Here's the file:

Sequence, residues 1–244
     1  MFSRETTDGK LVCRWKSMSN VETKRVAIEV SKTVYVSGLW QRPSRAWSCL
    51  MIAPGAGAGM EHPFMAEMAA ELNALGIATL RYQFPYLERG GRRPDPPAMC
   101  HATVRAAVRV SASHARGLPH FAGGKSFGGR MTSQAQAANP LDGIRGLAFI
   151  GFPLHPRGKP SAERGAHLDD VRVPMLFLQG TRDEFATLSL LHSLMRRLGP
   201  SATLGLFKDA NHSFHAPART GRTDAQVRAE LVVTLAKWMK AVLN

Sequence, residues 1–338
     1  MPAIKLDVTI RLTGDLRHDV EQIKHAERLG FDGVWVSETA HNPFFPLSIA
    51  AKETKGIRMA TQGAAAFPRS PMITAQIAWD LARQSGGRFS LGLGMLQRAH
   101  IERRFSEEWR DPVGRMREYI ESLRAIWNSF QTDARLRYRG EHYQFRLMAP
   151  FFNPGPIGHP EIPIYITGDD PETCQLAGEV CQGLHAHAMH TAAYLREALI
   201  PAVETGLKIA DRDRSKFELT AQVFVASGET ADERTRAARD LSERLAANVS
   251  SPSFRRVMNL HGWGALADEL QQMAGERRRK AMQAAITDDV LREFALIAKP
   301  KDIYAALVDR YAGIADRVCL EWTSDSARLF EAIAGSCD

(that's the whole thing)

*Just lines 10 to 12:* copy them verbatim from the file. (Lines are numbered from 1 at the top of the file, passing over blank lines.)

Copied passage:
   101  IERRFSEEWR DPVGRMREYI ESLRAIWNSF QTDARLRYRG EHYQFRLMAP
   151  FFNPGPIGHP EIPIYITGDD PETCQLAGEV CQGLHAHAMH TAAYLREALI
   201  PAVETGLKIA DRDRSKFELT AQVFVASGET ADERTRAARD LSERLAANVS